The father of Ms Wanda Noemia Rau must have been a remarkable man. As he had successfully researched the origin of his family, I wish that perhaps she had preserved all his research-papers. As presently the history of the Gaud Saraswat Brahmins in Goa–Maharashtra is rather illusive, perhaps his research-papers related to 1500 AD would be of much historical importance. Perhaps, she could think of assisting the Bharat Itihaas Samshodhak Mandal with his valued Papers.

  7. Conrad D'Cruz

    Ms Rau, I would be extremely interested looking up at the history traced by your father. Interestingly, I live in a ward in Saligao called Tabrawaddo and have maternal roots in this place, rather popularly known as a corruption of ‘Tavorawado’ and a great many families here go by the surname of ‘Remedios’. It seems as if there is a great possibility that what we have here is, a corruption of the pre-conversion surname ‘Tavara’, not ‘Tavora’.

    Conrad D’Cruz

  8. Deepak Rau

    Dear Naomi,

    I dont know whether its your First name. i have always been fascinated by

    history you already have a site I am also planning to make the family tree.

    I live in Mumbai and if it pleases you like minded people could meet.

    We should explore about Konkani language, culture and a complete history which I

    feel could be rich and Interesting. I wish you could have given your email then

    I could contact you immediately.
    Deepak Rau,

  9. divya

    hi naomi…i would like to know how ur dad did the research,i mean which ppl helped him and which places and stuff???
    because m trying to do a similar thing about my family tree

  10. Savita

    I had a Goan classmate in school whose surname was Pinto. It was the first time I heard that Goan Hindus had been converted to Christianity. I remember how amused I was to hear her say she was a Brahmin, albeit a Pinto!
    India is such a treasure-house of seeming contradictions which pull along fairly well most of the time! :)

  11. Joe

    Wow…. to go back 5 centuries and get the exact information is really great. Reminds me of the book “Roots” by Alex.

  12. Nisha Khot

    My grandfather, Dr. Samant, a pharmacologist, also a GSB from Goa during the Portuguese rule, said that when the Portuguese were to leave Goa, they offered the locals a ‘better life’, in exchange for converting to Catholicism. This included a new surname, respect in the then caste-ridden society, and a Portuguese citizenship.
    This did seem like a better life to many (still sounds good to me!), considering Goa was highly strife-ridden at the time. Not all those who converted migrated to Portugal, though.

  13. ruchi

    Did you get know why so many conversions happened? Specially from Brahmin to Tavara (? what social class/caste/religion does it fall in?). Also do you know if you guys moved geographically?

    Curiosity and research of your father is commendable.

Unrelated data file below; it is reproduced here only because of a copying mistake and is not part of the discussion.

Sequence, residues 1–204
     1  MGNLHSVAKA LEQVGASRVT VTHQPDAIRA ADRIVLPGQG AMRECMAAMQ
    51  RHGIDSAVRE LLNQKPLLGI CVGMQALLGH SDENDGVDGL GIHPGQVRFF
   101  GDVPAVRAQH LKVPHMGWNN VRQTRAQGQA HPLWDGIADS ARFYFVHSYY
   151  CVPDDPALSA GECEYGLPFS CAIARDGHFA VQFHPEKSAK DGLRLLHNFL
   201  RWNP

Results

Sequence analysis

1. Shenoy

      The Portuguese were brutal towards the Hindu population. Most converts from GSB’s were forced to do so. Many were killed and others had to flee like my ancestors. It is a very sad past and I feel horrible thinking about the dire straits my people had to face in the hands of the Portuguese marauders.

    2. M Kamath

      My ancestors were among those who lost all their land and money and opted to migrate towards south exactly during these days. After all, it was such a pain and distress they underwent after people were left with no choice but to convert or die.

      Their whole social system that was around the temples got destroyed, when Portuguese turned brutal and started forced conversions. The laws and prohibitions of the inquisition in 1736, over 42 Hindu practices were prohibited (Newman, 1999). They were implemented through the eradication of indigenous cultural practices such as ceremonies, fasts, occasions such as marriage (Robinson, 2000). People were even forced to die without food, when they stayed adamant to their practices. Methods such as repressive laws, demolition of temples, properties belonging to Hindus, destruction of holy books, fines and the forcible conversion of orphans were used (Mascarenhas-Keyes, 1979).

  14. shreya

    very interesting read! your father did some serious back tracing!

  15. Naina

    So interesting. The history of Christians in India is diverse and often ancient.

  16. Wanda Naomi Rau

    My Father’s docs; a Cardiologist, a Pathologist and an Opthalmologist are Hattangadi, Nayampalli and Narvekar respectively. ( all GSB’s as one would say). I don’t know if he consulted them also because they would have enough data to help him trace his roots. As he aged and I accompanied him to the docs, every consultation would take a couple of minutes, but the discussion thereafter about his research would take much longer. Both doc and patient were equally involved in the conversation. It provided him with new leads, links, publications and perhaps even eased any problems for which he sought the docs advice.

Leave a Reply

This site uses Akismet to reduce spam. Learn how your comment data is processed.